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Saturday, February 09, 2008 1:42 AM

Borrowed Reserves And Tin-Foil Hats

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Many people have been asking me about Caroline Baum's recent article How Non-Borrowed Reserves Became a Sexy Subject. Let's take a look at the highlights.

What's caused the hullabaloo recently is the dive in non-borrowed reserves from $44 billion in early December to minus $8.8 billion at the end of January.

It isn't a mystery what happened. The Fed announced the creation of a Term Auction Facility on Dec. 12, enabling banks to borrow for 28 days versus a wide range of collateral. The minimum bid the Fed accepts is the expected funds rate one month out, which in the current environment means cheaper funding costs than the fed funds market.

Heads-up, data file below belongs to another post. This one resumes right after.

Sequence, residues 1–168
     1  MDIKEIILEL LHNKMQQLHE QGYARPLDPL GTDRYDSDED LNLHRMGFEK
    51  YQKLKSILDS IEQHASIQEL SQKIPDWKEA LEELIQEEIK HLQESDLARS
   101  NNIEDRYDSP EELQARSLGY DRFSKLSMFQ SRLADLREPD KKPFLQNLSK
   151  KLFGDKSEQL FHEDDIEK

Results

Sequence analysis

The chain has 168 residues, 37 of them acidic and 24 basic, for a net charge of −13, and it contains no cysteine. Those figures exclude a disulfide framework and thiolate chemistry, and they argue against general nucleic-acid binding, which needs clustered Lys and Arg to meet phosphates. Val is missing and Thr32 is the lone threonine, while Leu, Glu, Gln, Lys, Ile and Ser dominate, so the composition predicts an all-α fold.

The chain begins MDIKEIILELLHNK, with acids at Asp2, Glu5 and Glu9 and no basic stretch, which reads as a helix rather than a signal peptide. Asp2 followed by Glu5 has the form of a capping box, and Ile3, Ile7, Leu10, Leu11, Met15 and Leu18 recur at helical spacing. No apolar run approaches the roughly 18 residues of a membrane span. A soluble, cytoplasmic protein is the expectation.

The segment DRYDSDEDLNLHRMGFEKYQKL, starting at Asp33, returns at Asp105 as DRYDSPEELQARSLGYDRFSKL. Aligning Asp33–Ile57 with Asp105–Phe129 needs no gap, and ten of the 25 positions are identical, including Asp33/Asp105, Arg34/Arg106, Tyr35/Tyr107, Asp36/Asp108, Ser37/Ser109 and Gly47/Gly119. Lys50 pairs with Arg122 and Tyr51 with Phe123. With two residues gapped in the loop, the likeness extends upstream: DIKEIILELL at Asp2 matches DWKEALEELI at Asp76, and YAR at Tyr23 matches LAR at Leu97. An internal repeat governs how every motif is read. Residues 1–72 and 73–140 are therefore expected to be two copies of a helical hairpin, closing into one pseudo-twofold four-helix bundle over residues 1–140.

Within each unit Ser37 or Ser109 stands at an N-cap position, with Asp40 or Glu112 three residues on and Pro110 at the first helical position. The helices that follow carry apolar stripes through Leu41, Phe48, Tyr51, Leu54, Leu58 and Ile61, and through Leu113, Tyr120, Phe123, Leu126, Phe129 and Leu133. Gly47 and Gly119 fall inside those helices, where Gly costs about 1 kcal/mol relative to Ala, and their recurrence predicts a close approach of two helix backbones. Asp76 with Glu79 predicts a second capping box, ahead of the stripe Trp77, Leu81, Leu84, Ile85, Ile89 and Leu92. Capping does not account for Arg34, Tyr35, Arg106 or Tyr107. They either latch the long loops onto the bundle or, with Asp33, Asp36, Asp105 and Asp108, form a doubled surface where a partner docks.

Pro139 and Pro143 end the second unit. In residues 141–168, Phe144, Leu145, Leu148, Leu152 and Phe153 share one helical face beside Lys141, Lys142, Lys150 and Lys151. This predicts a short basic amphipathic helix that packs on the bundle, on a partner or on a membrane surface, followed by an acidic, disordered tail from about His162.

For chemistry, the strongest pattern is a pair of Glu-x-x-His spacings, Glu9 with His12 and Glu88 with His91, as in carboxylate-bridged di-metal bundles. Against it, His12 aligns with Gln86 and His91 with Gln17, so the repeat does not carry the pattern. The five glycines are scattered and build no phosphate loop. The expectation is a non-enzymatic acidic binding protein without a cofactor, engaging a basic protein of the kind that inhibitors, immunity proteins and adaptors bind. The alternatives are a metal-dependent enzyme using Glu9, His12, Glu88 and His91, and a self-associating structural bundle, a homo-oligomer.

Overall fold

So what would you do if you were a bank?

Lower Cost Loans made through the TAF are categorized as borrowed reserves. The Fed had $50 billion of loans in place at the end of January, which "caused the borrowed reserves figure to balloon and the non-borrowed figure to decline by a corresponding amount,'' said Lou Crandall, chief economist at Wrightson ICAP LLC in Jersey City, New Jersey, in a Feb. 6 commentary.

All of a sudden, people who never glanced at the Fed's H.3 statistical release are now experts on "Aggregate Reserves of Depository Institutions and the Monetary Base.'' Their e-mails have the same sense of foreboding as the missives put out by the Black Helicopter/Tin-Foil Hat crowd.


[The Tin-Foil Hat crowd] is overlooking the fact that the Fed is "a monopoly provider of reserves," said Jim Glassman, senior U.S. economist at JPMorgan Chase & Co.

"There is no such thing as a banking system short of reserves. The Fed has absolute control over the supply."